Hi!

Welcome to my blog! I share organizational ideas, simple pleasures and luxuries, the beautiful simple moments in life, and everything in between (including coffee). I hope you enjoy your stay here!

How I Manage Our Finances

How I Manage Our Finances

I have received many questions in regards to my daily financial check! So today I thought I would share my system on how I keep track of our family's spending, our cash envelopes and how that all relates to our budget. 

Developing a Budget

Before I met my Husband and whenI was managing my own finances, I developed an Excel spreadsheet to design and track my budget. After we were married and I took over the budgeting and household finances for our family, I used my previous budget as a template to create our household one (the main difference would be that I use Google Sheets instead of Excel!)

When creating our budget I entered:

  1. Incoming Revenue
    1. When paydays are, approximate amount that would be coming in each pay day
  2. Fixed Costs
    1. These are all costs that are unchanged. This is where I entered:
      1. Housing costs
      2. Transportation costs
      3. Medical and fitness 
      4. Taxes
      5. Investments and savings
      6. Utilities (electricity, water, cable, internet, phone etc.)
      7. Food (groceries, wine etc.)
      8. Subscription services (Hulu, Netflix etc.)
  3. Variable Costs
    1. These costs are more flexible and can be completely taken away if need be. They include:
      1. Personal money
      2. Household purchases
      3. Dining out
      4. Random activities

When designing your own budget, start with:

  1. Entering the amount you make each month
  2. Recurring expenses (fixed expenses)
  3. Any debt repayments that you will make monthly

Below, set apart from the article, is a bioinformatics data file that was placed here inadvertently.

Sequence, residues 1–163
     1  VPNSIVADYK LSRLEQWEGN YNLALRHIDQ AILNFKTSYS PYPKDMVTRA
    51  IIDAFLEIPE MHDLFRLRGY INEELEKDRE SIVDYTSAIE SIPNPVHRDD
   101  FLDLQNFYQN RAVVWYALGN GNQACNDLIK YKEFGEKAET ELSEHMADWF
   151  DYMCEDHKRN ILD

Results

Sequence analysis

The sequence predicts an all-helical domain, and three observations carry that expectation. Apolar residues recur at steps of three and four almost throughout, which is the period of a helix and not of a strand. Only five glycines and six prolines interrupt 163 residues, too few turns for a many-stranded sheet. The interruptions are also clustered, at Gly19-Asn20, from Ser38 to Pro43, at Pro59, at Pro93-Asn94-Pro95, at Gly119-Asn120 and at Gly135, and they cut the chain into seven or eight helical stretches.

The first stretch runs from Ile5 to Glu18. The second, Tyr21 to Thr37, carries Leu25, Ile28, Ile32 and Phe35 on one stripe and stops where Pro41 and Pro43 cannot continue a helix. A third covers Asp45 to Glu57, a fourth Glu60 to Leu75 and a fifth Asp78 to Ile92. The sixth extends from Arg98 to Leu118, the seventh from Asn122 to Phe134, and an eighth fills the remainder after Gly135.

4. Any remaining money can be broken down into variable expenses

Need some additional help or resources?

Dave Ramsey has an AMAZING app for your phone and computer called "Every Dollar". It's free to use and will walk you step by step in creating your own budget!

Gail Vaz Oxlade has an interactive budget worksheet you can use to design your budget that I've used in the past before designing my own!

Kim Galeta wrote an amazing article for An Organized Life entitled "Budgeting Basics with Kim Galeta". Check out this post for even more information on how to create and manage a budget!


Cash Envelopes

As you may (or may not) know, I am a huge fan of Dave Ramsey. But about 15 years ago, before Dave, I was a huge fan of Gail Vaz Oxlade  who literally gave me all my money management tools, showed me how to successfully beat debt, and introduced me to the concept of paying cash for as much as I could in order to control spending and save. Alas, Gail is no longer blogging! However her website remains active and she has several books that I encourage you to take a look at.  

Back in the day, Gail suggested using mason jars to keep cash in for allocated spending. Dave Ramsey suggests envelopes that you can carry with you easily which makes keeping a firm hold on your finances easy. I like to keep everything with me and contained so I can't misplace an envelope, so I searched for a solution that wouldn't cost me a fortune. I discovered this small expanding file folder at Staples and love it! I created labels to match my budget and affixed them to the tabs.

At the beginning of each month I refer to my budget on how much cash I need to take out of the bank to fill each assigned section of our money envelopes. I then spend approximately 10-15 minutes counting cash and stuffing our envelopes!